Science and religion rarely get along. Angry atheist and esteemed biologist Richard Dawkins thinks that religion is for idiots, and philosopher Sam Harris has written that "there are few modes of thinking less congenial to religious faith than science is."

But Pope Francis just proposed an alliance between reason and faith. In Thursday's encyclical (a papal letter to all bishops of the Roman Catholic Church), the pope made a 98-page plea to stop climate destruction, an issue that the world's scientific community says poses catastrophic risks.

Francis's argument boils down to a few choice quotes.

Like this one:

"If the simple fact of being human moves people to care for the environment of which they are a part, Christians in their turn 'realise that their responsibility within creation, and their duty towards nature and the Creator, are an essential part of their faith.'

It is good for humanity and the world at large when we believers better recognise the ecological commitments which stem from our convictions."

In short, the Pope is proposing that having concern for creation is part of keeping the faith.

Francis goes all the way back to the book of Genesis, where he skewers the popularly held conception that God granting 'dominion' over Earth is an excuse for pillaging its resources.

Again, here's Francis:

"We are not God. The earth was here before us and it has been given to us. This allows us to respond to the charge that Judaeo-Christian thinking, on the basis of the Genesis account which grants man 'dominion' over the earth (cf. Gen 1:28), has encouraged the unbridled exploitation of nature by painting him as domineering and destructive by nature.

This is not a correct interpretation of the Bible as understood by the Church. Although it is true that we Christians have at times incorrectly interpreted the Scriptures, nowadays we must forcefully reject the notion that our being created in God's image and given dominion over the earth justifies absolute domination over other creatures."

With this encyclical, Francis is starting to build a bridge between science and religion on the traditional wedge issue of climate change. As you might expect, this is presenting a problem for a group of people eager to share their conviction of faith: politicians. The encyclical is already stirring the pot for American presidential candidates, especially on the right side of the spectrum:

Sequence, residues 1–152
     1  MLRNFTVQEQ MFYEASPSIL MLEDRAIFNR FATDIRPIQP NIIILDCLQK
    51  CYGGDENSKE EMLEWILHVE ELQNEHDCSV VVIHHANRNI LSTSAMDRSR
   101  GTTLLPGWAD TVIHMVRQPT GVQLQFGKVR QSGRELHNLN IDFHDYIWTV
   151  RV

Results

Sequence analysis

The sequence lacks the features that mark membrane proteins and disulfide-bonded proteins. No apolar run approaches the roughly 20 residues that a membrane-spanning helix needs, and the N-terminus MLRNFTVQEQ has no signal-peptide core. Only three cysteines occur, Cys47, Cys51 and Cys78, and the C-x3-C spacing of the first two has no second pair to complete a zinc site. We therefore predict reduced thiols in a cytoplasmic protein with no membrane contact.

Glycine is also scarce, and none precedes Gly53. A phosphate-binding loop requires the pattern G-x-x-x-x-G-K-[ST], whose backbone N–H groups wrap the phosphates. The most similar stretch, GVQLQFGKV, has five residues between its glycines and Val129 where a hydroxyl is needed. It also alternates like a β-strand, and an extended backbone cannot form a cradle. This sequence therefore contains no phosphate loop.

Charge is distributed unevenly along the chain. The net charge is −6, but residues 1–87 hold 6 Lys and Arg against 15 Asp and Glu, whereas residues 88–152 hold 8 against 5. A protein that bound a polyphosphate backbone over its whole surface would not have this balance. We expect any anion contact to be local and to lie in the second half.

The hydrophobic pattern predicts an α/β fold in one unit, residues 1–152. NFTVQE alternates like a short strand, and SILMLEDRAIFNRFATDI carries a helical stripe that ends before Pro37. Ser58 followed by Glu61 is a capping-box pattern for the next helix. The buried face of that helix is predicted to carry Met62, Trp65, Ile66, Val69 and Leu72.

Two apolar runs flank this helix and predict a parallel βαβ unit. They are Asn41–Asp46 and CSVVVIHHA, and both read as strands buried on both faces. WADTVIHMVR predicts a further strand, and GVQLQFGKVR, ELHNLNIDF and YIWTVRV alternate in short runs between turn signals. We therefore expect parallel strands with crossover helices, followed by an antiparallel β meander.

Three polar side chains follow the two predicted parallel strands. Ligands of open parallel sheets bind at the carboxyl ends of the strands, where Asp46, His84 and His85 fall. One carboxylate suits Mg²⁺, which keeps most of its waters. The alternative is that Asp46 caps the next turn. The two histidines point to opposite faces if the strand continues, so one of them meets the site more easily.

• Jeb Bush, a Catholic, brushed off the Pope's comments, saying "I don't go to mass for economic policy or for things in politics. I've got another people helping me along the way with that."

• Rick Santorum has said that Pope Francis should leave the "science to the scientists" … "I would just say this: The church has gotten it wrong a few times on science, and I think that we probably are better off leaving science to the scientists and focusing on what we're really good at, which is theology and morality."

Yet that's precisely what Francis is arguing - that scientific reasoning and economic choices are included in the living of a spiritual and moral life.

"If we are truly concerned to develop an ecology capable of remedying the damage we have done," he writes, "no branch of the sciences and no form of wisdom can be left out, and that includes religion and the language particular to it."

If Francis can get the organisation he leads to follow him on this issue, it could be huge.

According to the Vatican, there are 1.2 billion Catholics in the world, or about 17% of the global population. If they were to start living with the ecological conscientiousness that Francis prescribes, it would have gigantic impacts for battling climate change. That would be a game changer for climate scientists and activists.

This article was originally published by Business Insider.

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